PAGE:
Works in Progress

One of gardening’s countless sayings is that all gardens are works in progress. That is true of my own garden. Long-time readers of this column will recall that I have been developing a drought-tolerant garden with beds representing the world’s five major dry-summer regions: the Mediterranean basin, South Africa, Chile’s central coast, southwestern coast of Australia, and California’s coast.

This project involves converting an existing a nondescript landscape into a thematic garden. In addition to the five summer-dry regions, the garden includes beds devoted to roses, irises and salvias.

Despite the progressive nature of gardening, there are occasional moments to celebrate reaching certain accomplishments. After many weekends of diligent work, I can report that my helpers and I have cleared a daunting accumulation of weeds, upgraded the irrigation controllers and valves, installed drip tubing and emitters, and mulched every square foot of bare soil.

During this time-consuming process, several good plants died. Hand watering has never been my strong suit!

We have the continuing adventure of finding plants from these far-flung regions, putting them in the ground, and documenting the collections with paper records and plot diagrams.

This approach to landscaping has yielded two important realizations. First, collecting plants by dry-summer region tends to abandon all but very basic design concepts. By definition, all dry-summer plants are suitable candidates for the Monterey Bay climate. Also, the gardener can still select and place plants that have mature sizes that are right for the space. Finally, the gardener can still position the smaller plants in front and the larger plants in back.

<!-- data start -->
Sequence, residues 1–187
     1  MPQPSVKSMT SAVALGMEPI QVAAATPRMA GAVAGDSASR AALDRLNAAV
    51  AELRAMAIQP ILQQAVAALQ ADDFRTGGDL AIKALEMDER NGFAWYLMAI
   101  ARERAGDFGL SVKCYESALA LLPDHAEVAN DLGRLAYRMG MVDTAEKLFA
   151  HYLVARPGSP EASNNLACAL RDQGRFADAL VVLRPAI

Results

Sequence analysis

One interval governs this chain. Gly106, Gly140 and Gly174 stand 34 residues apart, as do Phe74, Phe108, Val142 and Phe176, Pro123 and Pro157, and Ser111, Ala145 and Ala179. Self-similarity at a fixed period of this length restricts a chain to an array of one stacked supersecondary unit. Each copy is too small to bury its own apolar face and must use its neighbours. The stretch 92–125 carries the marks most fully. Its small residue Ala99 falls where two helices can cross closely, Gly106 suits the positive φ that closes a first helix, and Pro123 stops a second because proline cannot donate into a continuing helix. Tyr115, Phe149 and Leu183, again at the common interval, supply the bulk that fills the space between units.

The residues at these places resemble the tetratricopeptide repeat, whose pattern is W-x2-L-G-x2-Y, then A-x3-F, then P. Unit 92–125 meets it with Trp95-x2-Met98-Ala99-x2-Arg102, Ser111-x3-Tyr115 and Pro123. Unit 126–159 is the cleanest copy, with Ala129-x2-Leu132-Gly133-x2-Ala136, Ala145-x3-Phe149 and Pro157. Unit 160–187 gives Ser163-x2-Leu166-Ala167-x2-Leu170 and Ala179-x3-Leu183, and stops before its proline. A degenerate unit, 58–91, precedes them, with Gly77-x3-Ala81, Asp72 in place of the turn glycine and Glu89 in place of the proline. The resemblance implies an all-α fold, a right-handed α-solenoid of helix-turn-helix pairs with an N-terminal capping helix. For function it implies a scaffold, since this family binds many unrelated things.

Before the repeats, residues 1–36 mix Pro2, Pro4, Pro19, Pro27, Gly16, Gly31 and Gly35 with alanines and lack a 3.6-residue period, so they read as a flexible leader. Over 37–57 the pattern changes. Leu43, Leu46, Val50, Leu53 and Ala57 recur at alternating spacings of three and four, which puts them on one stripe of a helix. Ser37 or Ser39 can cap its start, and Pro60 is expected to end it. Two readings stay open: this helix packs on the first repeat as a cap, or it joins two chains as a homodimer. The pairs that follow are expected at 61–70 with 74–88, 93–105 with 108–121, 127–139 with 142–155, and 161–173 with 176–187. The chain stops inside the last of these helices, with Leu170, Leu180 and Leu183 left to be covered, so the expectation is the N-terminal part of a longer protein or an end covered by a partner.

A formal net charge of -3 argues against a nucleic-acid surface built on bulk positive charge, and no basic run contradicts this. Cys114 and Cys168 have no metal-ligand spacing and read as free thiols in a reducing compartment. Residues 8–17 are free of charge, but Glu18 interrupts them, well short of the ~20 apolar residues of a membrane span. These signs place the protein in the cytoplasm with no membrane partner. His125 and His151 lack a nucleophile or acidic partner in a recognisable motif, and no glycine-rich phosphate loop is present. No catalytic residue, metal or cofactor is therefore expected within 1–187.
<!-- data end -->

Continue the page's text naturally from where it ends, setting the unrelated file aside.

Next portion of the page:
The finer points of landscape design generally are beyond reach. This garden does not include subtly artful contrasts of leaf textures; complementary, analogous or triadic combinations of blossom colors; or a year-round schedule of blooms. It also does not include plant communities (clusters of plants that grow together in nature). Instead, each bed offers an essentially random collection of plants from a climatic region, some of which seem puzzled by their strange bedfellows.

In my view, it is interesting nevertheless.

As I gradually convert the garden to a “botanical zoo,” I have to decide the fate of plants that were included in the previous landscape but do not belong in the new landscape. I could just relocate smaller plants. Most Monterey Bay area gardens already include plants from dry-summer climates because they are good choices for the local climate.

Larger shrubs and trees are another story. I have callously removed some smaller trees, donated two huge salvias to a friend who maintains a more spacious garden, and given away many smaller perennials. Currently, I am agonizing over a thirty-foot elderberry (Sambucus cerulea?) that is shading the Australian garden.

Enjoy your own work in progress!


Here are photos of the elderberry tree in the Australian garden, and a Blue Hibiscus, one of the plants that isn’t getting all the hours of sun that they prefer.

Elderberry (Sambucus cerulea)
Elderberry (Sambucus cerulea) and Blue Hibiscus (Alyogyne huegelii ‘Santa Cruz’)

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